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Food & Drink > Grilled

Growth of the soil

Farmer Tom Milano talks community-supported agriculture

Tom Milano
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Published 8/12/2009

Tom Milano is the head of Vedic Village, an example of Community Supported Agriculture (CSA), located in Whitmore Lake. A CSA farm provides people with boxes or baskets of fresh food for the "shares" of the farm they purchase. The farmer receives a lump sum of money in the beginning of the growing season and he can focus on growing good quality food and making sure that his clients receive a weekly share of what's in season. The concept originally came to the United States from Europe in the late '80s, and has grown to comprise 1,500 CSAs in the country now.


Metro Times:
Contrary to the agribusiness that has, to a great extent, taken over the nation's food supply — providing genetically altered food that has a longer shelf life and better appearance, while sacrificing flavor and nutritional value — you seem to be trying to get back to the days of small, independent farming.

Tom Milano: That's precisely what we're doing. We feel strongly about interesting people in horticulture, young people especially, and reviving the family farm concept. We want to show how two or three families can make a viable living selling their produce directly to the consumer, without the middle man. We want to specialize in providing the best food possible directly to people who are interested in getting really good quality food and to show how that it can be financially viable.

MT: What are the long-term goals of Vedic Village?

Milano: To begin with, we've only been working the land for four months. The long-term goal is to make this the best quality food available to people who can't afford it. The fast-food industry has made the worst food available at very low prices. We want to be a counterpart to that and make the best food available at very low prices. The overriding stigma against buying organic food is that it's more expensive than buying ordinary food. It really shouldn't be like that. People are entitled to eat the very best food. So we want to break through that stigma and make this good quality, fresh, organic produce available at very, very reasonable prices. Right now we're getting a foothold and we have many CSA customers. Maybe a third of our customers are in Detroit.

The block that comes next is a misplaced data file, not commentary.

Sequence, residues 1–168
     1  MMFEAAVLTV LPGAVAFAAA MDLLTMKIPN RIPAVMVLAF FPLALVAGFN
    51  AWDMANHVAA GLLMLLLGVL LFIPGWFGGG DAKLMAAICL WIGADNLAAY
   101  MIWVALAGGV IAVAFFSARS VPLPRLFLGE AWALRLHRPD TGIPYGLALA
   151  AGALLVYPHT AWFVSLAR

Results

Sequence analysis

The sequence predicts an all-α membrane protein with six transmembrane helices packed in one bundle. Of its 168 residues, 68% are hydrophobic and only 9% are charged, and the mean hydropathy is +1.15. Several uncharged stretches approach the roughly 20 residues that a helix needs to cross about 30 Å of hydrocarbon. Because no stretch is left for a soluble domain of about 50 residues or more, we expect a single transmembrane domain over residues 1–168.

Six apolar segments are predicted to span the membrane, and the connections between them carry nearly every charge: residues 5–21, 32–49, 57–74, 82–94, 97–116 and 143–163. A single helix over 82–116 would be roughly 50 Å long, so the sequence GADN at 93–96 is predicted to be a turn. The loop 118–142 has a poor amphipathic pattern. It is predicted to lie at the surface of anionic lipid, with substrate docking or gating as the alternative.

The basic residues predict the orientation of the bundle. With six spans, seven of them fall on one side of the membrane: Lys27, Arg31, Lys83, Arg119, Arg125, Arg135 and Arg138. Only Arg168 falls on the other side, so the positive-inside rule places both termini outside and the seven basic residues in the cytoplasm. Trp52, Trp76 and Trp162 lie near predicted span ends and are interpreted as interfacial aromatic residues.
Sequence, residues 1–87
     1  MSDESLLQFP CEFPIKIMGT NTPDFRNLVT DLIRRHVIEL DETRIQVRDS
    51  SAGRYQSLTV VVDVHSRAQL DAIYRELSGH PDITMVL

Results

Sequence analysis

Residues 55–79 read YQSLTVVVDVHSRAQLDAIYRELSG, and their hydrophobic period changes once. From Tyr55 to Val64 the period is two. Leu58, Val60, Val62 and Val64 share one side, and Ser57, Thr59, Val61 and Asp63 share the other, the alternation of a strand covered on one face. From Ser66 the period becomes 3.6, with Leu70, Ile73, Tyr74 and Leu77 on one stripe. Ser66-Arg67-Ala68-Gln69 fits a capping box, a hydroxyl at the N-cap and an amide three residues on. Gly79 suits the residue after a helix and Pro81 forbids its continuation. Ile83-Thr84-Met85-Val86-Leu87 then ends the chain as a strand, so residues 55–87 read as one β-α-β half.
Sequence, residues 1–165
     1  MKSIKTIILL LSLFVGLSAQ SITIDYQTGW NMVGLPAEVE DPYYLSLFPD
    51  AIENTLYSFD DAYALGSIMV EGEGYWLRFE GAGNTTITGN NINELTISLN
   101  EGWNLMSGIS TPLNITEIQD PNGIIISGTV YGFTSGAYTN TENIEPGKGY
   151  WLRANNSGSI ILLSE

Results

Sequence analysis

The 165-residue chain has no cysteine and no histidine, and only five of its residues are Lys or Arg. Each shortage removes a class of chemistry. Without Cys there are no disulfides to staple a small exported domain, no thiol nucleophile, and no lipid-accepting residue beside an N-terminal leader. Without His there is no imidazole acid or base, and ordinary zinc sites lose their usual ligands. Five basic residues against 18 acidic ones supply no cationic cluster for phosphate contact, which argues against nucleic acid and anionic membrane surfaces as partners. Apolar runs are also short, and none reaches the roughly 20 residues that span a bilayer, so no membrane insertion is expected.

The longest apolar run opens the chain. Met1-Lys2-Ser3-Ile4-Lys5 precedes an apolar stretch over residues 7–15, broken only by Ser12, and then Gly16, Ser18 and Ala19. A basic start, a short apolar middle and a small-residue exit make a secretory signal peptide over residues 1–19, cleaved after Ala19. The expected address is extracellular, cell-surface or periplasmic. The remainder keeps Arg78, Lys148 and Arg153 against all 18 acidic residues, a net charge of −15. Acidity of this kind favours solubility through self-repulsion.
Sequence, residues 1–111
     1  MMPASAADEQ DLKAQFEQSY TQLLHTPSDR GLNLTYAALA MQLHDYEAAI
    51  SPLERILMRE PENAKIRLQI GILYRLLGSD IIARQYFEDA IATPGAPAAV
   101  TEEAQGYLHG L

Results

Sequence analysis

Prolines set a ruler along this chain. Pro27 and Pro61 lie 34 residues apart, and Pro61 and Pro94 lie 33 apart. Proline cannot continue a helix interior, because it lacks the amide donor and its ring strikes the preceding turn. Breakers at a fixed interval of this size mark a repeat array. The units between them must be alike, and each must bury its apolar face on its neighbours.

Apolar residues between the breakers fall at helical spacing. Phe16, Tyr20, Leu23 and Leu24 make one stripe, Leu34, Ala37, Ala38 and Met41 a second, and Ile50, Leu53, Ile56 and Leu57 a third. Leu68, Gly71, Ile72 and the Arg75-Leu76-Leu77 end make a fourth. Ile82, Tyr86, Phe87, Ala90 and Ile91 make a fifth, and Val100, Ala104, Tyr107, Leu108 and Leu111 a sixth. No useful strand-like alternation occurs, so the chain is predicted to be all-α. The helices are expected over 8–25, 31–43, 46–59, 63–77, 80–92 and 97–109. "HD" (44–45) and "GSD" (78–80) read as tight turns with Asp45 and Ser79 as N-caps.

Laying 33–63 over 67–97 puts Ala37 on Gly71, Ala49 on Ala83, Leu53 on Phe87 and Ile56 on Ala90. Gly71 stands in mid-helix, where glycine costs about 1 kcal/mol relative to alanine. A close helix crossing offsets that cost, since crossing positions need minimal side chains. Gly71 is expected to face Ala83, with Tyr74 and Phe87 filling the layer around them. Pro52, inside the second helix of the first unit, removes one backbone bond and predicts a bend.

MT: What benefits are there for the community, in particular, the Detroit metropolitan community?

Milano: There are drop-off points in the Detroit area, and for some people who are not able to go to a drop-off point, we will drop it right off at their house. The long-term goal is to make this food available to people in the Detroit metro area, especially low-income people. Eventually we'd like to have restaurants — very healthy counterparts to the fast-food restaurants that we have today — sit-down restaurants with a nice drive-through with all-organic, fresh food from the farm, with wonderful preparation at affordable prices. We see that Detroit is one of the unhealthiest cities in the country with obesity and diabetes, a lot of which is attributable to the food: the processed food, the fatty food, the sugar-laden food. 

MT: There was an item in the news recently that stated that organic food is no healthier than regular food. 

Milano: That is totally untrue. Commercial food comes from soil that is practically inert. I have a friend who teaches organic horticulture in West Virginia who said that the soil basically keeps the plant upright so that it can receive a chemical enema of the many chemicals that are applied to the soil. There are no living organisms in commercial soil. A plant is the result of the nutrients that it derives from the soil. How can anybody say that organic produce is no better? The produce at Vedic Village is receiving the full spectrum of elements, up to 108 elements in the soil. We had our soil tested. We have a full array. Every element that is known is there in our soil. A head of organic broccoli is far superior to a head of commercial broccoli, and there is a big difference in the taste.

MT: Is organic food more expensive to grow? For one thing, you don't have the cost of the chemicals, the pesticides.

Milano: I've always questioned why organic produce cannot be the same price as commercial. It's true, you don't have the cost of synthetic chemical supplements to add to the soil, but there is the cost of natural chemicals that are added to organic farm soil. At our farm, we have bulls and we are going to have cows. We're going to use their fertilizer. We're going to use oxen to plow just like the Amish use horses. We won't have to use petrochemicals for tractorization. The oxen actually aerate the soil with their hooves. Their dung is extremely useful as fertilizer, and there's a homeostasis that takes place, a divine harmony between the animals and the land. Eventually the whole farm becomes one healthy living organism. 

Getting back to your question, there's no reason why organic produce can't be provided at the same price. It may be more labor-intensive, but that's what we want to do, to create jobs. We're not here to make money. We're here to serve the community by providing people with the best food they can possibly receive. Not only is it organic, it's also locally grown and fresh, which makes a big difference. Our CSA subscribers receive their shares two, three hours after we pick them. Most have said that they never tasted produce that tastes so good. 


Contact Tom Milano by calling 313-434-5121 or 313-823-3815, or by e-mailing tommilano108@yahoo.com

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